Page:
Mammoth On the way to the Wind Cave (from Alliance NE), you will pass the MAMMOTH SITE, at Hot Springs.  We actually did stop there (thanks to the sign on the road and the guise of “Big Ball of String” touring), and historically, scientifically, and paleontologically, I think THIS would be fascinating. But we were tired, and we wanted to get to Crazy Horse, etc., and visiting here was a last-minute idea… so when we got there, and it was a museum with guided tours, we just went in the front door into the lobby and into the gift shop, but not into the museum.

The Mammoth Site is the largest site in the world, and is still an active paleontological dig site (which you can tour).  According to the website, they have found (to date) 60 mammoth remains (57 Columbian and 3 woolly)!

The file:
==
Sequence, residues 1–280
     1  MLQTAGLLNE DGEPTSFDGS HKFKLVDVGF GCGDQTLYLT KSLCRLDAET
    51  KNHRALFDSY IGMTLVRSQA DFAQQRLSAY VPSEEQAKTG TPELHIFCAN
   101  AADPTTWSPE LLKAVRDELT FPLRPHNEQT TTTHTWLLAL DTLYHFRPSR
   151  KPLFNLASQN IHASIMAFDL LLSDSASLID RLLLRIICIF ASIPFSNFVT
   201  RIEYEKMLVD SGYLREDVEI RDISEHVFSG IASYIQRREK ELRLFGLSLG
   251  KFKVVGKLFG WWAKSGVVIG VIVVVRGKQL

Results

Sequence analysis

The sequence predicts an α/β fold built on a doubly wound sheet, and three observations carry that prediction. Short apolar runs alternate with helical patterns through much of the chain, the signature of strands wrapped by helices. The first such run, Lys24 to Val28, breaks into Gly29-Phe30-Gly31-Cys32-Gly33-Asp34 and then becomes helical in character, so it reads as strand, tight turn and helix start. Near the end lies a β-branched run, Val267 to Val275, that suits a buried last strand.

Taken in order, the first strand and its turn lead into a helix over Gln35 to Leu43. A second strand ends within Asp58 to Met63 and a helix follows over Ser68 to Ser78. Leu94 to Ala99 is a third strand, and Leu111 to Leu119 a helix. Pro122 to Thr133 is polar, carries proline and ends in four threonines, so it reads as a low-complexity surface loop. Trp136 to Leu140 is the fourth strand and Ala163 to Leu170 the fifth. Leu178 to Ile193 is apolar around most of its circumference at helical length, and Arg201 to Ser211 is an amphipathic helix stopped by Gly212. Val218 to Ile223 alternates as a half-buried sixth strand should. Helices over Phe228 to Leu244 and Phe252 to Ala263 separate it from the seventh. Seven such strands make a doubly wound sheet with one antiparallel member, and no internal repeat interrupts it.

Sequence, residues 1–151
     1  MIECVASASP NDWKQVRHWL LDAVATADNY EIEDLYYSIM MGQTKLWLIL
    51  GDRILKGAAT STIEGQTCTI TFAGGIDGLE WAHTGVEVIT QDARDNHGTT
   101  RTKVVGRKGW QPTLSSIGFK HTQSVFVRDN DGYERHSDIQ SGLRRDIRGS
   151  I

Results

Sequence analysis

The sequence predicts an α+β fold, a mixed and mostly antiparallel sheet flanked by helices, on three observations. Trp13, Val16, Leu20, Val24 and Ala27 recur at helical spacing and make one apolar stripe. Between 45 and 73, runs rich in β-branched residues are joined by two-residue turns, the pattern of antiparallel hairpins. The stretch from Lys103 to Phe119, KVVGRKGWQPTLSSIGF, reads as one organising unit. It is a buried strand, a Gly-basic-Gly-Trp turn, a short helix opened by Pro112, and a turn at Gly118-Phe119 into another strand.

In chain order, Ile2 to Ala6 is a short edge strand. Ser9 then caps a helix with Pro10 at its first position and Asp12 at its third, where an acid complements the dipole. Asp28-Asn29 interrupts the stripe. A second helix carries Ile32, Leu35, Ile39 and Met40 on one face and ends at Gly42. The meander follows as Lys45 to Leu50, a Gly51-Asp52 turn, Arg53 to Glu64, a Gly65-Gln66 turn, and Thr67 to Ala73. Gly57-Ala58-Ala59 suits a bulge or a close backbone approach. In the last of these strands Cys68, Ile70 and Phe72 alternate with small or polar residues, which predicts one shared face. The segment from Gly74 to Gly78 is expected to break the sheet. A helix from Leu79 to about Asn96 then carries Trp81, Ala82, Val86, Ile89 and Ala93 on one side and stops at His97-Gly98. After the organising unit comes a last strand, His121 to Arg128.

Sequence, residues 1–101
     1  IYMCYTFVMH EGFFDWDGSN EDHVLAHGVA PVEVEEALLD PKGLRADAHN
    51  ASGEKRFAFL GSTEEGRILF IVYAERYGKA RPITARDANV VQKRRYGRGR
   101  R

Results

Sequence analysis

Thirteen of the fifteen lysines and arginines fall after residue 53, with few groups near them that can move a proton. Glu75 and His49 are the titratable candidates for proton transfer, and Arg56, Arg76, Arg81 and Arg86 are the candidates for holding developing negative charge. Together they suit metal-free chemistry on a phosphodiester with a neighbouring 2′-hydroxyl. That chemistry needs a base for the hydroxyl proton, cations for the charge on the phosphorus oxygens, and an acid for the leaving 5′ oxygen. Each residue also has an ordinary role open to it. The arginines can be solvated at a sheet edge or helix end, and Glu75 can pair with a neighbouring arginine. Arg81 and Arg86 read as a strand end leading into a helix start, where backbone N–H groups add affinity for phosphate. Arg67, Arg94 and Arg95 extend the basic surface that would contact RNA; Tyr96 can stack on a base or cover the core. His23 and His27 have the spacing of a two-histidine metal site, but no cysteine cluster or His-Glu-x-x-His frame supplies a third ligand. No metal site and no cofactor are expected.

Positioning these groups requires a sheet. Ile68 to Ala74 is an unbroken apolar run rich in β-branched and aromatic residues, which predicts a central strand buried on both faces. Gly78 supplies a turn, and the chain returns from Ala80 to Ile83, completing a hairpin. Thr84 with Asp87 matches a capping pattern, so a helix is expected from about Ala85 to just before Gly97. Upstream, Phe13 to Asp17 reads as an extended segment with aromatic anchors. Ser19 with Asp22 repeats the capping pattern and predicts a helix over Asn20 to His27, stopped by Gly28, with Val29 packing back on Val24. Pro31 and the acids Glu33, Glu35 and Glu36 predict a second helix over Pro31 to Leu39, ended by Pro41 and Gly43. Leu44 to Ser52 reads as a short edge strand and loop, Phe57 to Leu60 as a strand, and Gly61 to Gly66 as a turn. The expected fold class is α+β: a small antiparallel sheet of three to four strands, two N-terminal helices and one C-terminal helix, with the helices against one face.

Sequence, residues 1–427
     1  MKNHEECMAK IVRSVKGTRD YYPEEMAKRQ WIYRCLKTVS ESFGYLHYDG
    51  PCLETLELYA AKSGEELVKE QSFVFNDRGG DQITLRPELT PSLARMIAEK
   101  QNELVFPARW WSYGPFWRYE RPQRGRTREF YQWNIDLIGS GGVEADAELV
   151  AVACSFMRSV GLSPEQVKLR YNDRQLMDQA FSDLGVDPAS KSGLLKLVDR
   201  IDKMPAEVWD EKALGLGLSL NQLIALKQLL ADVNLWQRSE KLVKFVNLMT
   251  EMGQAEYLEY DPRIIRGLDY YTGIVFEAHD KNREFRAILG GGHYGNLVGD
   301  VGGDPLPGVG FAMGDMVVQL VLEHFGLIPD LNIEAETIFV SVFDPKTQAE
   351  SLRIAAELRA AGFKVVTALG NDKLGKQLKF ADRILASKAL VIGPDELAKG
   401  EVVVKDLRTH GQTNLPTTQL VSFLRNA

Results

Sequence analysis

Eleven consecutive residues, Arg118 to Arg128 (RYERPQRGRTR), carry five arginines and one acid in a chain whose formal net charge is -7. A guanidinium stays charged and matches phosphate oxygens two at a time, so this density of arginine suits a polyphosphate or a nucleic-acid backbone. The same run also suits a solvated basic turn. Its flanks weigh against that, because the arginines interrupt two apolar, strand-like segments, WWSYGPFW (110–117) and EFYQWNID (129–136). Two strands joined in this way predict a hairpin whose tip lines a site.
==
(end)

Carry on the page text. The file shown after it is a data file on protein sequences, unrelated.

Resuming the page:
This mammoth grave yard was discovered by accident in 1974, when an earth-mover unburied a set of bones, trying to excavate for a housing development.

Since then, as mentioned, 60 mammoths have been uncovered, but also (the website confirms) a “giant short-faced bear, camel, llama, prairie dog, wolf, fish, and numerous invertebrates.”

You can take a 30 minute guided tour year round, but they suggest you budget at least an hour, so you can also visit the dig site area on your own (rules about staying on the sidewalk).

30 minutes NORTH of the Wind Cave, take a sharp left at Flintstone Bedrock City onto Hwy US 16), and continue another 20 minutes West to JEWEL CAVES NATIONAL  MONUMENT, which is the second longest cave in the word, about 160 miles (257 km) of mapped passageways.drapery

Roosevelt made these caves a National Monument in 1908. It’s open year round, and also has a variety of tours, including a spelunking tour!

THIS Cave’s formations include:

For more information on visiting the Jewel Caves, visit the National Park’s website.  Even more information can be found at  http://www.blackhillsbadlands.com/home/thingstodo/parksmonuments/nationalparks/jewelcavenationalmonument